Paul used his station in life as a Jewish scholar and a Roman citizen not for his own benefit, but for the benefit of the kingdom of God, to gain audience in front of people, and to spread the gospel. How do we use our station in life, our political power and religious knowledge? To whose benefit are our actions accumulating?

Are we fighting to protect and preserve our own families, communities and country in this world only to lose sight of our citizenship in heaven? Are we striving to save our lives only to lose our souls?

These are questions, not accusations. God knows the heart. I pose these questions in my own heart as write them.

The First Fruits of Another World


I did a previous blog article on the radical nature of the Gospel Paul preached, a Gospel he received directly from Jesus, that was confirmed by the closest disciples of Jesus. I ended the article by noting that this Gospel was not primarily about cultural and societal change. Jesus didn’t come merely to transform culture and society, as the Zealots of the First Century supposed the Messiah would.

Jesus came preaching the good news of the Kingdom of God, a kingdom into which we can be born again by receiving Jesus, by believing in his name. The paradigm shift begins here and now, in this world, giving us “the right to become children of God, … born, not of blood nor of the will of the flesh nor of the will of man, but of God.” (John 1:12-13)

Though the reality of the kingdom of God begins here and now, the ultimate fruition of that new birth, that adoption as children of God, still awaits us. The Zealots didn’t understand that in the First Century. They wanted to overtake the Roman government by force and establish the reign of the Messiah then and there in the First Century. When Jesus died on the cross, not even the disciples understood what was going on. Paul understood, however, we he said:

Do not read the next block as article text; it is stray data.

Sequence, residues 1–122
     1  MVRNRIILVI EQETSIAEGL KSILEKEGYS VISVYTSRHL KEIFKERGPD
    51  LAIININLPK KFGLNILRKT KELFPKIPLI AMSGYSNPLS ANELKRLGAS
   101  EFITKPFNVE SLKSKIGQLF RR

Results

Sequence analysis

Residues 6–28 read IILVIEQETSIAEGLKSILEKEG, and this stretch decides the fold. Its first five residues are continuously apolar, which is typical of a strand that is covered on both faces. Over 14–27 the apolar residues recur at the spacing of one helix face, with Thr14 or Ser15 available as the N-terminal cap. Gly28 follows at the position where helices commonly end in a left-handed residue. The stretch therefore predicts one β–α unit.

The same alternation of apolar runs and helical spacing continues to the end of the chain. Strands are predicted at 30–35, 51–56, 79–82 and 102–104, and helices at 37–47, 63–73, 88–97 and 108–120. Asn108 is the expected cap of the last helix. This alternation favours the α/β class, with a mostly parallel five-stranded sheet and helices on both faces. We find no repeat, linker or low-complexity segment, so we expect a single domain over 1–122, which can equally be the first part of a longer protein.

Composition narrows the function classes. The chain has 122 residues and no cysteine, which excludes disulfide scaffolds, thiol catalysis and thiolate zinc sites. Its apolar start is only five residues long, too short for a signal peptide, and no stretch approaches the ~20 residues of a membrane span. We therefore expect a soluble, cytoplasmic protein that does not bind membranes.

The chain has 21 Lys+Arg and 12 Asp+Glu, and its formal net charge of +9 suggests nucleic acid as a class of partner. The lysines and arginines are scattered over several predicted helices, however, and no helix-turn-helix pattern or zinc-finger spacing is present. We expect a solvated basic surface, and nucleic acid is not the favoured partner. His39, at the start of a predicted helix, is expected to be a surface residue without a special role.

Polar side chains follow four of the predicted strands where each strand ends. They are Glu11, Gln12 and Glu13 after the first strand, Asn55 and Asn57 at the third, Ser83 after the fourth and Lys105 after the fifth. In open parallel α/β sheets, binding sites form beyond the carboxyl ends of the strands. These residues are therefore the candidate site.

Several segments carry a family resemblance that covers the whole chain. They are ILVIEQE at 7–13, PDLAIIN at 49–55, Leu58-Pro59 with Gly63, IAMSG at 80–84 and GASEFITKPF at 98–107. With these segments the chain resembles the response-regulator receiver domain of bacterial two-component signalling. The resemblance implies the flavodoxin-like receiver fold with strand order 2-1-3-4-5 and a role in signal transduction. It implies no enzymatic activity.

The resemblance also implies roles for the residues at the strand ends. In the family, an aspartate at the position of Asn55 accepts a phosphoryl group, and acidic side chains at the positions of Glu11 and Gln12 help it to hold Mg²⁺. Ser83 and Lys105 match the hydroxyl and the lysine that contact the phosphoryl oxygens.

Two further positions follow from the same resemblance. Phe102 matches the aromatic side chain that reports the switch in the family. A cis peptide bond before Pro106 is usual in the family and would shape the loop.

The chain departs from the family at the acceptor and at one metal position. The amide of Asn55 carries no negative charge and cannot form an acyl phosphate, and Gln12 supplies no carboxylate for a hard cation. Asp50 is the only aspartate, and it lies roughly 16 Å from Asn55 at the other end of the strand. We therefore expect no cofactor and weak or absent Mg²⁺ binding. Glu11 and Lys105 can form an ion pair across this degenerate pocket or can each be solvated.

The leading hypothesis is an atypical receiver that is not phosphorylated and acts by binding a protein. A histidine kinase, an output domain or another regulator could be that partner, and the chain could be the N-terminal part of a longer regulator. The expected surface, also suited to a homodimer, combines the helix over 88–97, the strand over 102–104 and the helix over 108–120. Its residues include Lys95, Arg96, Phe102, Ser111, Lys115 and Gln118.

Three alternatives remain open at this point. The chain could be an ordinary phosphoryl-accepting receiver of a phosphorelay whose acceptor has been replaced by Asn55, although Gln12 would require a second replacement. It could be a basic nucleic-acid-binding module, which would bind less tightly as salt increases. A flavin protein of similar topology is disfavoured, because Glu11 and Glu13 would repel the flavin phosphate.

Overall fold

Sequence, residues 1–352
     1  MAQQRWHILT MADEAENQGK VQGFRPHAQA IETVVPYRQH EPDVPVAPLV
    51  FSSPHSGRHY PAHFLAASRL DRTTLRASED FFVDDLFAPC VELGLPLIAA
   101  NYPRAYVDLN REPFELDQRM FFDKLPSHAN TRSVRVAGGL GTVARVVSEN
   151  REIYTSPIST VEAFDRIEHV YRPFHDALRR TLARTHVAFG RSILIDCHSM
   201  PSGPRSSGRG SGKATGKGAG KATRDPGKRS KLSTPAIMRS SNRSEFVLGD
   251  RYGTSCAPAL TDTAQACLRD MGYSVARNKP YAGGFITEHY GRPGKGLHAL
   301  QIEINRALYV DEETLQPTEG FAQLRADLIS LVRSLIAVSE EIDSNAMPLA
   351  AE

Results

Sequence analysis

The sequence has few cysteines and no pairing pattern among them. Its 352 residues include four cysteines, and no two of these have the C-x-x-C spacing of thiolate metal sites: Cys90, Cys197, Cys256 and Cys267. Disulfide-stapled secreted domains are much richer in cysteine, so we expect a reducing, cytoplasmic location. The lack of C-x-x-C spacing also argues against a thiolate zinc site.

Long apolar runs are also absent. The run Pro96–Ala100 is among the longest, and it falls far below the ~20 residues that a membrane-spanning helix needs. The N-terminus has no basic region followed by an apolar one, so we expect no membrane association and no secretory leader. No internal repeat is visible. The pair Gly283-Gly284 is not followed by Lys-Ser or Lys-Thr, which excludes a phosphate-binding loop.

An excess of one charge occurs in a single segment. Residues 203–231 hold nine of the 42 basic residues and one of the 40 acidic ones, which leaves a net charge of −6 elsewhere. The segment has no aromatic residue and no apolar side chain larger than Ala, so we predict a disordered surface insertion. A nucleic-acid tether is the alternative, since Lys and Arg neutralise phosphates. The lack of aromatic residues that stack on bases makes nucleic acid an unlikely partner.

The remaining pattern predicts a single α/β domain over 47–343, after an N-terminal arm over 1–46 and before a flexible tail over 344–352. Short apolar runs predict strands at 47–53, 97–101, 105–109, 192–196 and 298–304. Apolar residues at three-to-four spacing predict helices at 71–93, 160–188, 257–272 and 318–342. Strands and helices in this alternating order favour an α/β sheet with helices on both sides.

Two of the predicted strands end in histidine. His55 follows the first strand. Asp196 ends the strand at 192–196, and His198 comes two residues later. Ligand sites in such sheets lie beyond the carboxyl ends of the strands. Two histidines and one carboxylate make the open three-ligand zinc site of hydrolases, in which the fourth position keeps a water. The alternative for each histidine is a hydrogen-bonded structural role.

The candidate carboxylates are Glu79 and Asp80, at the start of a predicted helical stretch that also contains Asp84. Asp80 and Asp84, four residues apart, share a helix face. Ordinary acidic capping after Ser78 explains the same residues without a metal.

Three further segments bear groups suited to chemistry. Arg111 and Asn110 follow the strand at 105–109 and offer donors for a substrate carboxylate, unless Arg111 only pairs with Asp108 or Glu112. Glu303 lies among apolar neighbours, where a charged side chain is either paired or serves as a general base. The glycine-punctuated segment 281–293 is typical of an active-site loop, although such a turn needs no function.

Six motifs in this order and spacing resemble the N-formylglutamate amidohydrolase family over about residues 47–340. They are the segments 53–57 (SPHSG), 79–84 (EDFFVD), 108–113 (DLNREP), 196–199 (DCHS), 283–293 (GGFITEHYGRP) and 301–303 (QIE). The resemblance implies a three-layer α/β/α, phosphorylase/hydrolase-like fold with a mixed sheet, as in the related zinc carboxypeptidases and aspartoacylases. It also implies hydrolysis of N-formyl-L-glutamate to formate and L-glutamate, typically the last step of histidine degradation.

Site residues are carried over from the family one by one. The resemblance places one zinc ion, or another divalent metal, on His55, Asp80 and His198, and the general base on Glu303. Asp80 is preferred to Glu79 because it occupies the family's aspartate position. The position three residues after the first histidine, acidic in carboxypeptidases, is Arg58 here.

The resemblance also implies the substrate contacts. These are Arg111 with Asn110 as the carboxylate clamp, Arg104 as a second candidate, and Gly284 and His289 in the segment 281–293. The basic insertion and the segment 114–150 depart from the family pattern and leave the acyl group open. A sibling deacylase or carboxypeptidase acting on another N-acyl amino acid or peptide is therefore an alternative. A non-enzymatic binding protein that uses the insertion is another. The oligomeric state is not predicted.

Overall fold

“For we know that the whole creation has been groaning together in the pains of childbirth until now. And not only the creation, but we ourselves, who have the firstfruits of the Spirit, groan inwardly as we wait eagerly for adoption as sons, the redemption of our bodies.” (Romans 8:22-23)

Paul expanded on these thoughts in his letter to the Corinthians when he spoke about death coming into the world through the first Adam, while resurrection from the dead came into the world through Jesus (1 Cor. 15:20-28-42-55) First is the perishable, followed by the imperishable. What is perishable doesn’t beget the imperishable. We must be born again (the ultimate paradigm shift), from natural people into spiritual people.